For the kids reading this, coming of age in the 90s wasn’t for the faint of heart. It was like the 70s but with pushup bras instead of no bras. Nobody watched their language – twelve-year-olds might as well have been twenty-one. Families were broken; “dysfunctional,” we called them. Dads were disappointing, dads were nonexistent, dads took us aside and told us our mothers were crazy. Moms were over it; moms did their best; we blamed our moms for not protecting us from our dads, from the world. Tanya Marquardt grew up in Vancouver; I grew up in Ohio; you grew up in Oklahoma; New York, Kentucky, Oregon, Texas; it’s all the same pain with a different accent. Teen angst, abuse, abandonment. In Stray, Tanya tells the story of an angry young woman just discovering that her voice is a rebel yell. She hit the road at sixteen against a soundtrack of weird industrial noise bands like Skinny Puppy, and found that a BDSM dungeon can sometimes be a better option than home bitter home. Managing to stay in high school despite it all, with Stray and her work in the theater, Tanya Marquardt has turned trauma into art.

 

You famously talk in your sleep. Can you talk about the process of recording yourself and the most surprising thing you learned? 

Alongside the book, I’ve been working on a performance piece called Some Must Watch While Some Must Sleep, which is about my experience as a lifelong sleeptalker. In 2015, I started recording my sleeping self on my iPhone and discovered that I have an entirely different ‘person’ that rolls around in my head. She has her own desires; she talks to herself, to me, to people I don’t recognize, and to the people that are sleeping next to me. And when I listen to the recordings, this sleeping self sounds like a younger version of me, a cup ½ full little creature walking around in my brain when I am unconscious. Sometimes she talks like a child, other times she seems to have some kind of mysterious, poetic knowledge.

Now playing on Otherppl, a conversation with Allie Rowbottom. Her new book is called Jell-O Girls: A Family History (Little, Brown). Her essays can be found in Vanity Fair, Salon, The Florida Review, No Tokens, The South Loop Review, PQueue, Hunger Mountain, The Rumpus, A Women’s Thing and elsewhere.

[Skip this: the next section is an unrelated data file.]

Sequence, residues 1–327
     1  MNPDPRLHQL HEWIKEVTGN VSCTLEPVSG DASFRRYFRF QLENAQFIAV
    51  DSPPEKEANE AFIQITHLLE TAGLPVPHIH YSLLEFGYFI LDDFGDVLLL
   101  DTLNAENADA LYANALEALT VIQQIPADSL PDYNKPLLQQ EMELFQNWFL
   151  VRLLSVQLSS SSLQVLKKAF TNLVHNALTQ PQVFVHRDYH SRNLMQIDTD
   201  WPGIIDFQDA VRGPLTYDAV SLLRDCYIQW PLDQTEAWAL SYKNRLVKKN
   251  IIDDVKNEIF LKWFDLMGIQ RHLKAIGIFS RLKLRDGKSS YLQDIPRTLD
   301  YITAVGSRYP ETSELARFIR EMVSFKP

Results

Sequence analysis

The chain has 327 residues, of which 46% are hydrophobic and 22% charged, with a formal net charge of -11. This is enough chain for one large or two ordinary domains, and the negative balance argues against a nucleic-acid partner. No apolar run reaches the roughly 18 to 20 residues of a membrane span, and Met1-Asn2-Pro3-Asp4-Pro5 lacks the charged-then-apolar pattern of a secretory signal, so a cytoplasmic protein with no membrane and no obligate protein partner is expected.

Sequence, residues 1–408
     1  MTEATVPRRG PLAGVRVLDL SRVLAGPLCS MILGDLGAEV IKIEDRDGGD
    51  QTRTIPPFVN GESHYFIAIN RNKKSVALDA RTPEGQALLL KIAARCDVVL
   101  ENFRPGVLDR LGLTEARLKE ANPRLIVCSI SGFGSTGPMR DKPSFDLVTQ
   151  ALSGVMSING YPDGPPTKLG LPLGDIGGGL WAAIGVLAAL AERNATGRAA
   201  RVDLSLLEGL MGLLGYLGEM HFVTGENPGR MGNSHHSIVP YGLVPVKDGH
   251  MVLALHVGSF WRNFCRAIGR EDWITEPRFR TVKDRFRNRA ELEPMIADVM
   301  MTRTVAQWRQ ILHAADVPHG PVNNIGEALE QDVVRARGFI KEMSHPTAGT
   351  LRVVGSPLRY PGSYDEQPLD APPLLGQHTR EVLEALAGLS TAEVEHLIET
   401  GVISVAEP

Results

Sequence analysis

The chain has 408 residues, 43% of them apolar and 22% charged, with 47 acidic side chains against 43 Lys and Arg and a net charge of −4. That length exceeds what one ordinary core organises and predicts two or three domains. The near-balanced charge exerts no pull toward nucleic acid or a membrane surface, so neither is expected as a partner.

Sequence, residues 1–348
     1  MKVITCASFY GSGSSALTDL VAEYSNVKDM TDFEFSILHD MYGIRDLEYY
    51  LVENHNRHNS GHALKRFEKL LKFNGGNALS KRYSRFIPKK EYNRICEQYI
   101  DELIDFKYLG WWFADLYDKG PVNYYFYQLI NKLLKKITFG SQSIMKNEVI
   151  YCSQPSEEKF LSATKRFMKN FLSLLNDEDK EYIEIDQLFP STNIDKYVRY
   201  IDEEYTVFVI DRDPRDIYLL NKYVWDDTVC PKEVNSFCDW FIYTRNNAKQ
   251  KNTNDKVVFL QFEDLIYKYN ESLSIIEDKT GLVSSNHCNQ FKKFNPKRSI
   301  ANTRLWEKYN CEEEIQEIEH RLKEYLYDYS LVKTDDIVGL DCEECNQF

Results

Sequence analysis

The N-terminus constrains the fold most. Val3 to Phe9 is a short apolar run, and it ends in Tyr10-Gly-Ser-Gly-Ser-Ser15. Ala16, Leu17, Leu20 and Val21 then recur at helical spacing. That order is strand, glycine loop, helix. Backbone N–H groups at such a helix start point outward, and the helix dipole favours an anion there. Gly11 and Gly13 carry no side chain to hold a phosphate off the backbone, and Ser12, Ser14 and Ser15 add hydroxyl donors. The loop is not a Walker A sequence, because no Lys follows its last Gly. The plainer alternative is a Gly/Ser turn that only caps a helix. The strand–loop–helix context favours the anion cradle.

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Now playing on Otherppl, a conversation with Chelsea Hodson. Her new essay collection, Tonight I’m Someone Else, is available from Henry Holt. It is the official June pick of The Nervous Breakdown Book Club.

This is Chelsea’s second time on the program. She first appeared in Episode 340 on January 7, 2015.

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Now playing on Otherppl, a conversation with Michelle Dean. She is the recipient of the National Book Critics Circle’s 2016 Nona Balakian Citation for Excellence in Reviewing. Her new book is called Sharp: The Women Who Made an Art of Having an Opinion, available now from Grove Press.

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Now playing on Otherppl, a conversation with Tao Lin. His new book is called Trip: Psychedelics, Alienation, and Change (Vintage). It is his first book-length work of nonfiction and is the official May pick of The Nervous Breakdown Book Club.

This is Tao’s third time on the podcast. He first appeared in Episode 180 and Episode 181 (a two-part interview) in June 2013 and again with Mira Gonzalez in Episode 371 on July 19, 2015.

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Now playing on Otherppl, a conversation with Steve Almond, author of Bad Stories: What the Hell Just Happened to Our Country?, available from Red Hen Press.

This is Steve’s third time on the program. He first appeared in Episode 9, on October 16, 2011, and again in Episode 302, on August 10, 2014.